ProjectsContext Aware Office
Ethnographic Studies Personal Metadata


How do People Work in their Everyday Office Spaces?
An Ethnographic Approach

  Keywords: Context Aware Computing, Context Aware Office, Office Ecologies, Digital Ethnography, Neat, Scruffy, Filing, Piling, Layering  

In order to provide digital support for the diverse ways users interact with their physical desk and other resources in their offices, we are conducting ethnographic studies of real world office workers in their offices. Doing so is enabling us to both develop an ontology of the rich elements populating current offices as well as formulate an ontology of the agent’s actions that can take place in this activity space. Because a Context Aware Office relies on the ability to continuously model the state of an office, we need to categorize all of the possible elements of an office and make note of the opportunities they afford to a user.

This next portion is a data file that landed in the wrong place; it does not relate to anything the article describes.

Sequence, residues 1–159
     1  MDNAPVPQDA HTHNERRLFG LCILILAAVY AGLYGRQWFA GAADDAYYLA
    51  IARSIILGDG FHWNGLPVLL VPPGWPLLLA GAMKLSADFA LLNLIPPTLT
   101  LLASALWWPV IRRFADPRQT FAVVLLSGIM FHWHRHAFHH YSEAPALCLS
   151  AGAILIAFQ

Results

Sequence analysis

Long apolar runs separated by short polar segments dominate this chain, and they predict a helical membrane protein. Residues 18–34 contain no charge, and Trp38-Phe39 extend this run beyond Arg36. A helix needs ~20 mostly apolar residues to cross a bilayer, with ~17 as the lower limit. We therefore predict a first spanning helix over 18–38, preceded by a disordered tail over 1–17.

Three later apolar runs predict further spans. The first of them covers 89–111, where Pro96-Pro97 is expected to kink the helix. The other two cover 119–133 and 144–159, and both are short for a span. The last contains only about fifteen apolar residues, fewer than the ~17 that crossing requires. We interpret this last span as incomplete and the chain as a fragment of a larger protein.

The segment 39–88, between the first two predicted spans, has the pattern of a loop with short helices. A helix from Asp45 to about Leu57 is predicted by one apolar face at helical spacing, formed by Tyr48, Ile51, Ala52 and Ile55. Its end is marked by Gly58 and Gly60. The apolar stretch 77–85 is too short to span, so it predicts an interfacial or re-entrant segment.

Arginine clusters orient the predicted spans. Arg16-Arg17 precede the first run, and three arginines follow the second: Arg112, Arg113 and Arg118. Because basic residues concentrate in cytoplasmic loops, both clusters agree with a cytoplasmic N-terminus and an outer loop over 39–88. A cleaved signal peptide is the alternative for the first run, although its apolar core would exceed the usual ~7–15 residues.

By investigating how office dwellers’ tasks are both reflected and shaped by their office space, we can begin to categorize our users into different user types. This in turn is proving helpful in designing digital supports that complement and improve how people work.



Honors Presentation

Watch Justin Kodama and Shailendra Rao's Undergrad presentation exploring the Neat and Scruffy distinction.

153.9MB AVI (PC)
271.2MB MOV (MAC)
38.5MB MP4 (MAC)

Flip through the slides from the presentation to get a closer look at the pictures, charts, and points made in the presentation.